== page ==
As the debate over gun regulation rages on, the issue of senseless shootings and religious freedom crossed paths when, in early August, ex-military and white supremacist Wade Michael Page opened fire on worshipers at a Sikh temple in a suburb of Milwaukee, Wisconsin. My first thought about the shooting was one of utter shock that someone could think to harm a place of worship of one of the most peace-loving, peace-defending strictly monotheist religions on Earth. My second thought was: Why didn’t the Sikhs attempt to use their kirpans in defense?
The kirpan is the dagger that all practicing baptized Sikhs carry on their bodies at all times. It’s typically 6″-9″ long with a curved blade; though many have opted for carrying smaller blades that are purposely dull because of the controversy surrounding carrying knives in public. The carrying of a kirpan was originally instituted by one of the early gurus of Sikhism as Sikhs were frequently becoming victims of attacks as they traveled. These days, the kirpan is mainly used as a symbol of the faith in the same way a crucifix is worn by Christians. In fact, many kirpans are about as dangerous as a crucifix; though some very traditional Sikhs opt for carrying larger and sharper kirpans so they can be properly used when it is absolutely necessary. Still, the kirpan is only to be used in self-defense or in defense of the defenseless when all other means of diplomacy have failed.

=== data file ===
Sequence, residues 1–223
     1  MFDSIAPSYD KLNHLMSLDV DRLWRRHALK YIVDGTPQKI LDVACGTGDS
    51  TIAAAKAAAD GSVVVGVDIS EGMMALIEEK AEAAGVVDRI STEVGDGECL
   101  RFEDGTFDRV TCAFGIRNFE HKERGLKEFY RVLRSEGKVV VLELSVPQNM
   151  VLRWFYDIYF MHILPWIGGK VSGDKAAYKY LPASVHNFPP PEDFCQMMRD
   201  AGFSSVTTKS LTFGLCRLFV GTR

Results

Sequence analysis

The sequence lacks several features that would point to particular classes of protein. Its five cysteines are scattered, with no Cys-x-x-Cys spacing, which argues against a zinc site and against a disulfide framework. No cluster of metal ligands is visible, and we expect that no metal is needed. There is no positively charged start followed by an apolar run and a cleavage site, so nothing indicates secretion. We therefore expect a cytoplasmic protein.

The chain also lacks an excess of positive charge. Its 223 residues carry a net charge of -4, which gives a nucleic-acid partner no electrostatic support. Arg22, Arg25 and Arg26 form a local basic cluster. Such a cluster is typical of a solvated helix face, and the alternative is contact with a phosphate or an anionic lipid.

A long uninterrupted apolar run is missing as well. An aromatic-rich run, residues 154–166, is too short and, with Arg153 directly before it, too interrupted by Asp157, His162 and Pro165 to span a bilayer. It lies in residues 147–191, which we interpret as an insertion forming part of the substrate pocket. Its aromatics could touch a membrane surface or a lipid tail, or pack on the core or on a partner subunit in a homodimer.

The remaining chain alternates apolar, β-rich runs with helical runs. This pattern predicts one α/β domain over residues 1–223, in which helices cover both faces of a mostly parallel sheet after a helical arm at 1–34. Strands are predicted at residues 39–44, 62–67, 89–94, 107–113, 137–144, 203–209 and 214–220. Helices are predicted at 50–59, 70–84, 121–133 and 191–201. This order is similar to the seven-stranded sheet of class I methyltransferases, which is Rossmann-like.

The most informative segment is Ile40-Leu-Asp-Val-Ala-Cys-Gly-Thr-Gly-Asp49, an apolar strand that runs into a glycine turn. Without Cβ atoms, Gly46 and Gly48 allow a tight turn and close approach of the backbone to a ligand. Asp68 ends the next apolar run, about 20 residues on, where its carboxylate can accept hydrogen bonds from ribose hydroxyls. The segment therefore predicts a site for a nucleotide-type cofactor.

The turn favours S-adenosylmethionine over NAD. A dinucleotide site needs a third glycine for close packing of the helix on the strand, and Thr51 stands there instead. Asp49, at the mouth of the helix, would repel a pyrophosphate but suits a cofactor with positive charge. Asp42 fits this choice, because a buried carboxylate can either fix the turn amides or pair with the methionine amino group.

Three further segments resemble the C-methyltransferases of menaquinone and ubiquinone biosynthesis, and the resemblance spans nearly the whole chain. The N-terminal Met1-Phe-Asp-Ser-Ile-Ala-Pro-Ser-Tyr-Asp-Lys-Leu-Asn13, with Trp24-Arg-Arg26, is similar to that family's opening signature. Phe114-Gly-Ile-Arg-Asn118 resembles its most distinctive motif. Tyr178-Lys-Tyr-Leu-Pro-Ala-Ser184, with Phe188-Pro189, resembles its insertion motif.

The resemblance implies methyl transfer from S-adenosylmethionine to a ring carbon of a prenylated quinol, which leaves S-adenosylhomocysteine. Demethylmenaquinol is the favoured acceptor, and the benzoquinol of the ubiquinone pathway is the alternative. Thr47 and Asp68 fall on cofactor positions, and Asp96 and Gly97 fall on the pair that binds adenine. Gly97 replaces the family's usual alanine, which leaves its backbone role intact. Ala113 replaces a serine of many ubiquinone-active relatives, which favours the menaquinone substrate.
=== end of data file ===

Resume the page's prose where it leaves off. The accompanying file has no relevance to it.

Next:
In studying some Sikh texts, I was surprised to find that many of the English translations read much like the English translations of the Hebrew Scriptures and the New Testament. Here are a few passages concerning the kirpan in comparison with some of the New Testament:
“When all means to keep peace fail, it’s righteous to rise the sword…when today’s time is moved by inappropriate tyranny. With great fortune you are afforded, the sword (of the) just!” – Guru Gobind Singh
“He said to them, ‘But now let the one who has a moneybag take it, and likewise a knapsack. And let the one who has no sword sell his cloak and buy one. For I tell you that this Scripture must be fulfilled in me: “And he was numbered with the transgressors.” For what is written about me has its fulfillment.’ And they said, ‘Look, lord, here are two swords.’ And he said to them, ‘It is enough.'” – Luke 22:36-38
In this modern age, carrying a sword or dagger has largely been replaced by concealed carry weapons permits that allow firearms to be worn under the jacket or under a shirt. In most religions, carrying a concealed weapon for the purpose of defending the defenseless is a righteous act.
The Children of Israel were also called to be people of peace as well as those who defend the defenseless as well as themselves. King David and his son, King Solomon, both taught extensively on the virtues of upholding justice for the innocent.
“How long will you judge unjustly and show partiality to the wicked. Selah. Give justice to the weak and the fatherless; maintain the right of the afflicted and the destitute. Rescue the weak and the needy; deliver them from the hand of the wicked.” – Psalm 82:2-4
“Rescue those who are being taken away to death; hold back those who are stumbling to the slaughter.” – Proverbs 24:11
Even the carrying of weapons was not uncommon among the Children of Israel. In the Book of Nehemiah in the fourth chapter, there are reports of workers carrying swords on their sides as they worked to rebuild the walls of Jerusalem. They even took their swords with them as they went down to wash. Thinking of this made me think of the Sikhs who soak in the Amritsar River with their kirpans strapped on their heads as a symbol of preparedness:
|Knife worn around the neck; possibly under clothes.|
|The “kirpan” I carry everyday. About $10 online.|